Man on the Street at the Masters
by Tony Dear
Crane Comes Through
Portland-born Ben Crane (pictured above) is making his fourth Masters start this week but equally important (well, almost) to him was his appearance at the Augusta Golf Breakfast at Warren Baptist Church Tuesday morning. A thousand golf fans turned out in the rain for the event that in the past has attracted the likes of Tom Lehman, Payne Stewart, Larry Mize, and Zach Johnson.
Crane and his wife Heather talked with the crowd about life on the PGA Tour (“It’s glamorized,” said Heather. “People don’t see the long hours lugging bags through airports while the family wrangles kids.”), and Ben spoke of his experiences at the Masters.
“As a kid, I remember watching Jack Nicklaus in 1986 (Crane was 11),” he said. “That was so exciting and, like a lot of young players in the field this week, it inspired me to play more golf.”
Crane, who says he makes his first stop of the week at the Fresh Market (much like a Whole Foods Market) on Washington Road then spends his time away from the course hanging out with his family, missed the cut in 2006 and ’07, missed the next two tournaments and wound up tied for 24th last year after a final round 68. Not surprisingly, he loves everything about the tournament and won’t specify a hole or a shot that concerns him particularly.
“There are no bad holes at Augusta National, so I’d have to say I like them all,” he says. “I honestly see every shot as an opportunity and look forward to each and every one of them.”
My New Favorite Sandwich
I have never seen pimento cheese mentioned anywhere other than in articles about the Masters and I’ve certainly never seen it on the shelves at my local CostCutter.
According to Wikipedia, “it’s a southern comfort food made with sharp cheddar, mayonnaise and pimentos which are cherry peppers.” For just $1.50 you can get a couple of sandwiches full of this sublime cheese spread wrapped in a green Masters bag. Add a $1 packet of chips and a $1.50 bottle of water and you have a very tasty, almost sufficient, back-nine snack for just $4.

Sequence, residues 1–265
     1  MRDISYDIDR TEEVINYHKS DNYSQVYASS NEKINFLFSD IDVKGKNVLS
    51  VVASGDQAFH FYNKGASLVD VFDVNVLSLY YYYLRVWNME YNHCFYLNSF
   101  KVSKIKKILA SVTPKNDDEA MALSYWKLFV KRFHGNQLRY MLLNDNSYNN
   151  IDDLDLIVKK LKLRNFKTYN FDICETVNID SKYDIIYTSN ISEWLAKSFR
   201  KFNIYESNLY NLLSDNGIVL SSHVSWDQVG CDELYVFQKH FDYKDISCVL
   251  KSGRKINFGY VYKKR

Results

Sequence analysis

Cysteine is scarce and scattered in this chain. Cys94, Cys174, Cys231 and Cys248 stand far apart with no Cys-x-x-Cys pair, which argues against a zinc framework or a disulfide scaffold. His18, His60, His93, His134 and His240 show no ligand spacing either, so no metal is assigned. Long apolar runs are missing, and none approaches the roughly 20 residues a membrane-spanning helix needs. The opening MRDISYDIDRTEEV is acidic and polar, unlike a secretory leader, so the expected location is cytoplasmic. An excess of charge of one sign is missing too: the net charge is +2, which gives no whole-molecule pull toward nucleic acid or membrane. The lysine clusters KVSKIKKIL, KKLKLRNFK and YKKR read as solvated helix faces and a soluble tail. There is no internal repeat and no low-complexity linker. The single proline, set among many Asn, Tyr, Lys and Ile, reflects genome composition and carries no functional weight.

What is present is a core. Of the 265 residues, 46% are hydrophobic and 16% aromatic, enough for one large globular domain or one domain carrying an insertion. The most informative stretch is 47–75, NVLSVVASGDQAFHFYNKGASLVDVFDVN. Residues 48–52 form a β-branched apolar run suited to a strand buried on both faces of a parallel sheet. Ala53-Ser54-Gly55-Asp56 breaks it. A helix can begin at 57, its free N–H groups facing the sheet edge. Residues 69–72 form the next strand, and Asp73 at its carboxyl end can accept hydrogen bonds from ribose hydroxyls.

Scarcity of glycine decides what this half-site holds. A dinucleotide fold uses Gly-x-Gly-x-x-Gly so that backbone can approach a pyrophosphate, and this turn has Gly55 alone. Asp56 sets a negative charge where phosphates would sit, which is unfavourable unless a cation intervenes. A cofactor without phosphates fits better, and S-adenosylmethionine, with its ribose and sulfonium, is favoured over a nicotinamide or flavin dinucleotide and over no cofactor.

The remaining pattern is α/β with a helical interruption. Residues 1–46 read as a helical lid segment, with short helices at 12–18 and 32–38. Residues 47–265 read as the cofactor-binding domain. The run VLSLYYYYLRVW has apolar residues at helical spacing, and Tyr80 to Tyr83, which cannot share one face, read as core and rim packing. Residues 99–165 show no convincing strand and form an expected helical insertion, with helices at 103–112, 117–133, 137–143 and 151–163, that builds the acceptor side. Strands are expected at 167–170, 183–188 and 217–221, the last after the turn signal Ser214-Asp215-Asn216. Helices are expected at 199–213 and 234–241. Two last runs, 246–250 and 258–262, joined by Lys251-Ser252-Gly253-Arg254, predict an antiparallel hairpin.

Besides the pimento, there are egg salad sandwiches that are just as delicious. But disaster occurred on Tuesday afternoon when the machine that makes them broke down. “Machine”? Yes, sadly, news that the egg-salad sandwich-making machine had broken down came as a severe disappointment to people who envisioned an army of septuagenarian members’ wives up at dawn and pumping out sandwiches from the clubhouse kitchen.
Thank the Lord for Amen Corner
It might be considered the trickiest stretch of holes on the course but can there be a more beautiful patch of ground on God’s green Earth.
After entering the grounds yesterday, I headed straight for the 10th hole, walked down the dizzying slope (sturdy shoes a distinct advantage), continued on down the hill into a stand of pines added to the right of the 11th hole a few years ago and caught my first glimpse, between the sturdy trunks, of the bottom part of the course.
To be honest, having watched the tournament on TV so often, seen countless photographs, read so many articles and books, and heard so many first-hand accounts, nothing really surprised me about the course, and Amen Corner in particular.
But nothing disappointed me either. The slopes, colors, angles, and atmosphere were just as I expected. But no matter how much you see, read or hear, somehow you can’t quite imagine just how disarmingly beautiful it is.
Bubba’s Just Having Fun
Bubba Watson is obviously one of those people who performs at his best when he’s having a good time.
Out with his friend Aaron Baddeley during Wednesday morning’s practice round, he arrived on the 15th tee and ripped a piercing bullet 340 yards down the middle.
After teeing up his ball, Baddeley’s ball dropped to the ground and he had to re-tee it. “Can you just hurry it up a bit,” Watson said quietly.
Moments later, as Watson walked off the tee, a cigar-chewing patron exclaimed, at a volume the members probably wouldn’t encourage, how easy he made the game look. “It is,” Watson deadpanned.
After walking the main course for six hours, I headed over to the Par 3 Course for the garden party that is the Par-3 Contest.
Exhausted and aching from head to toe after scaling Augusta National’s strenuous climb back up to the clubhouse, I didn’t much fancy taking on the mass of patrons crammed into the gorgeous but restricted acreage, so stood at the 1st tee of the Par 3 layout for a while and watched Hubert Green, who tied for second at the Masters in 1978, 1973 champion Tommy Aaron and a handful of other past greats tee off on the 130-yard hole.
As I walked away to go and make my merchandise purchases (the house/club always wins – just have a limit and stick to it), I noticed Craig Stadler hitting a few putts on the tiny practice green adjacent to the tee. Having watched him a dozen times before, I moved on and froze a moment or two later as an enormous cheer went up following the Walrus’s ace on the first hole. (pictured at the right: Ian Poulter at Par-3 Contest)
Tony Dear is an editor and golf travel writer from England who’s lived in the Northwest for five years. He recently published the book, “The Golfer’s Handbook.”